The civil war, which broke out in Somalia in 1991, is still in course. After 25 years, Somalia is one of the least developed countries in the world.

The last decades have seen continuous humanitarian crises, high levels of vulnerability and massive persistent evacuation: out of 10 million Somalis 18% are internally displaced people or refugees in neighbouring countries.

The existence of a strong clan system impedes social cohesion. The disparity between the genders is among the worst in the world because of traditional practices like polygamy, forced marriage at a young age and preclusion of women from education and the workplace.

The Somali communities have shown a remarkable capacity for resilience, but after 20 years of civil war the adaptive mechanisms at the family level have become very fragile.

Natural disastersdrought and floods – have reduced the natural resources thus feeding the conflict, weakening the ability to respond and exacerbating evacuations, insecurity, epidemics and malnutrition.

In so complex a context, Cesvi operates to reinforce resilience in the communities and among evacuees in the rural areas of Benadir (Mogadishu) and Hiran (Beletweyne): the objective is to reduce the vulnerability to shocks, in particular to drought, and to improve living conditions at the level of hygiene, subsistence, agricultural and livestock production.

In the same area and in the Mudug regions we deal also with mother-and-child health, enabling access to obstetric services and medical treatment on behalf of pregnant women, mothers and new-born. We aim to reduce infant mortality (under fives) with an integrated social and nutritional approach which includes – as well as the management of health centres and mobile clinics – the rolling out of information and awareness raising campaigns. The children also receive treatment for diarrhoea, pneumonia, malaria, diabetes and measles.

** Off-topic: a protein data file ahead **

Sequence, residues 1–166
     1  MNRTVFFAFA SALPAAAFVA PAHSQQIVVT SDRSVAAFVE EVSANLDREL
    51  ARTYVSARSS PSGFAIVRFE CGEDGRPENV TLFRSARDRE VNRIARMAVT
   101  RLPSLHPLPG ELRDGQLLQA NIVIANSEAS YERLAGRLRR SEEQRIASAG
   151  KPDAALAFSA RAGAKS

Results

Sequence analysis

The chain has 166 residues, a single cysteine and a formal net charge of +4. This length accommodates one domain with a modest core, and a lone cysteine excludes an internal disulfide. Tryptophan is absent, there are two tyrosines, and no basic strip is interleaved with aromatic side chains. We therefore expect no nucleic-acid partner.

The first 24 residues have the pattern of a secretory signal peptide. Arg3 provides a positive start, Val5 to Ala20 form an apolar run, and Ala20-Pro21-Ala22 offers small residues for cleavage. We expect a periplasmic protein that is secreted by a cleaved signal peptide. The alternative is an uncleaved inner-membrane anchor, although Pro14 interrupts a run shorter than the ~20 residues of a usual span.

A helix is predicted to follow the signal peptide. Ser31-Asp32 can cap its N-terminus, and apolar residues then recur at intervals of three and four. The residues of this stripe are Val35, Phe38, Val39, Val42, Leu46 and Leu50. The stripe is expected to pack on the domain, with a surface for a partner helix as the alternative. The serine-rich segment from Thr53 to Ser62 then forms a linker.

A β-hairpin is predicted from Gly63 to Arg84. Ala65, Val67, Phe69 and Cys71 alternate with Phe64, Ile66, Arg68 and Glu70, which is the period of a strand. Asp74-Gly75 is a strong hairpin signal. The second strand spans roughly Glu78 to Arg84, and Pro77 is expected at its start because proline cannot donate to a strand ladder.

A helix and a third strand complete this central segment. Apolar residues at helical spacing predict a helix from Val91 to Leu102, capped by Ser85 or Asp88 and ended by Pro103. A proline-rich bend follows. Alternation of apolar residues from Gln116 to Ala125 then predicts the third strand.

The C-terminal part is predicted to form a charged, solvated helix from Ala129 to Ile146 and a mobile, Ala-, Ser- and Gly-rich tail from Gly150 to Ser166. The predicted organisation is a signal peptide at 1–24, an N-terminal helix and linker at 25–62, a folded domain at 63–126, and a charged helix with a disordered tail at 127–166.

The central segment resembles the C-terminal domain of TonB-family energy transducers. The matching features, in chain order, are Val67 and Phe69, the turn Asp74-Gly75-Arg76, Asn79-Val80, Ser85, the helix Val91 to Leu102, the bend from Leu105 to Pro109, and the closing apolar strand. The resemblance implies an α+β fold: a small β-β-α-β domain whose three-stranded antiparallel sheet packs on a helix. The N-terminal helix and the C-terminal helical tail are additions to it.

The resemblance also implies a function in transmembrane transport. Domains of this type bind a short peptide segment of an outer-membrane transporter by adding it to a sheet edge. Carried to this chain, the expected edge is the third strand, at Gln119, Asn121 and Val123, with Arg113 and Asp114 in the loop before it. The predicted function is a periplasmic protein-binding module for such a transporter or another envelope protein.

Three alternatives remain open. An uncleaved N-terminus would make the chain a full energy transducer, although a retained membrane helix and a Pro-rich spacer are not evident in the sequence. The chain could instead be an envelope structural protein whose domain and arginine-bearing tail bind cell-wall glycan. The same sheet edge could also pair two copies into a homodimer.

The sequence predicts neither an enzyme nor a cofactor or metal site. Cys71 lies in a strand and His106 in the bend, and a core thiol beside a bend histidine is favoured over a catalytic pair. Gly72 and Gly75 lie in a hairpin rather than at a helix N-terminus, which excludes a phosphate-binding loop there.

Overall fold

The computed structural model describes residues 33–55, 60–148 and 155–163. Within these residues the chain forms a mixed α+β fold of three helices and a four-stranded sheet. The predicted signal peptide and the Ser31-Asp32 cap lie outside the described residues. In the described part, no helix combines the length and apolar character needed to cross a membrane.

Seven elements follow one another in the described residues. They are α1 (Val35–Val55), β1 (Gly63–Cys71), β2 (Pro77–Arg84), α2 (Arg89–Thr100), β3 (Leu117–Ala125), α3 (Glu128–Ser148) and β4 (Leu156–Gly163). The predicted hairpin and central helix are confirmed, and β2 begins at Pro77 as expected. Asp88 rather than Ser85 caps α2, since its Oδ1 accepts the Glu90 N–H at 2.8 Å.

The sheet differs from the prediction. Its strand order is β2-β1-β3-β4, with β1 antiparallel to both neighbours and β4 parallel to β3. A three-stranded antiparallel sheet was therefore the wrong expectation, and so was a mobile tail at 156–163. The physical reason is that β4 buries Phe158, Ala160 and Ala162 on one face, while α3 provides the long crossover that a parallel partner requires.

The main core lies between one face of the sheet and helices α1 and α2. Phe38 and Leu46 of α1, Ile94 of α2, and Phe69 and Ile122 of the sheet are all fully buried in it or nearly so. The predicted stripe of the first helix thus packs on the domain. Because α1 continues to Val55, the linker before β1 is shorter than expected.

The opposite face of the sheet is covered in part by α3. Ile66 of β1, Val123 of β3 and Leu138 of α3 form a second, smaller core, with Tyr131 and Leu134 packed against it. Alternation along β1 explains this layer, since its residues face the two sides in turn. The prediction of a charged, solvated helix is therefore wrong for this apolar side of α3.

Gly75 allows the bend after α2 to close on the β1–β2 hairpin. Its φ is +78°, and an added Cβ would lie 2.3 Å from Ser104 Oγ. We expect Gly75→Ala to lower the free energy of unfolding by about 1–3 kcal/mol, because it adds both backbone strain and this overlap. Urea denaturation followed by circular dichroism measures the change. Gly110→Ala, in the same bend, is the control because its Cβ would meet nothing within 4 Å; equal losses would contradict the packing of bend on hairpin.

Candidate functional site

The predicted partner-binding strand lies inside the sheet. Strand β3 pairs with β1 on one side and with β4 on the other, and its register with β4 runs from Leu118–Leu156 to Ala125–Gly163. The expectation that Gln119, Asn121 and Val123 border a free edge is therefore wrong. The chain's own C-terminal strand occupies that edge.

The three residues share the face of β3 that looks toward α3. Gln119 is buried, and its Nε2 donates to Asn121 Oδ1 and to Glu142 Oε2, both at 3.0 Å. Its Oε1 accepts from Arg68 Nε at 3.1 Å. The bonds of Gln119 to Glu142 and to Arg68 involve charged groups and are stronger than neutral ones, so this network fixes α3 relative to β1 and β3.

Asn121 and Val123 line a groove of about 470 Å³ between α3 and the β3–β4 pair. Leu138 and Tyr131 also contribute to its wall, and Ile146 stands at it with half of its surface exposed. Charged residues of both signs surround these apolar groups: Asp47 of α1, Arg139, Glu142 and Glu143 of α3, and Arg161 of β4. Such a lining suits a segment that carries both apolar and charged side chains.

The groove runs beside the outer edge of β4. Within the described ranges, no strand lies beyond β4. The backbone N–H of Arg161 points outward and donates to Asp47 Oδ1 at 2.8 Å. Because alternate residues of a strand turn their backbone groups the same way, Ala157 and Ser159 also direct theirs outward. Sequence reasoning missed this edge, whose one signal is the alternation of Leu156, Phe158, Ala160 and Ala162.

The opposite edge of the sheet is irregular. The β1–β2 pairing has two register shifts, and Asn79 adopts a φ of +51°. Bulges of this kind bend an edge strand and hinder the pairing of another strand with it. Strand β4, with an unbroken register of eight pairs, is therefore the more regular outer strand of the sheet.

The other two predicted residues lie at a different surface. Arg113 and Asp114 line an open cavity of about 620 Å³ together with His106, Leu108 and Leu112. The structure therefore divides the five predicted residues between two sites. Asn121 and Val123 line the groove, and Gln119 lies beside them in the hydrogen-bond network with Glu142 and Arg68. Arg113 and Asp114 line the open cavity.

We are the only NGO to provide these services to mothers and children in the camps for displaced person of Alanley, Arafat and Hiran, in the Galkayo region. The activity, carried out by operators from the local community, consists of surgery treatment for pregnant women and severely malnourished children, nutritional programs and the administering of micronutrients.

How is a child born in Somalia?

How is a child born in Somalia?

Muhubo, 38 years old, has three children. He lives with her family at Beletweyne, in Somalia.

She delivered her first child at home, as her mother did, and like her mother she has never had him vaccinated.

At the moment of her second delivery she called again for the traditional midwife when labour set in. The midwife didn’t use sterile instruments, causing serious internal infections for over two months.

Shortly after her second son was born Muhubo fell pregnant again, at the third month she was examined by Athar, a Cesvi sanitary operator who encouraged her to join the antenatal services of the hospital at Beletweyne. Athar explained to her the importance of vaccinating her children to prevent transmissible diseases and took her to the Cesvi health centre.

Athar also spoke to her husband of the need for a wife to undergo regular health checks and to vaccinate her children. Thus Muhubo and her children were moved to the hospital where they were vaccinated. At the Cesvi obstetrical clinic she met Fadumo, a specialised nurse who made suggestions and gave information on various subjects such as basic health, correct nutritional practices, vaccination against tetanus and in general the importance of medical check-ups.

Muhubo returned to the hospital three more times for the necessary examinations before the birth.“I had the baby in hospital, and I felt at home”- she tells us – “Both I and my children are in the best of health. I hope that Cesvi continues its precious work of raising awareness among women, as it has done for me, and among men and the elderly”.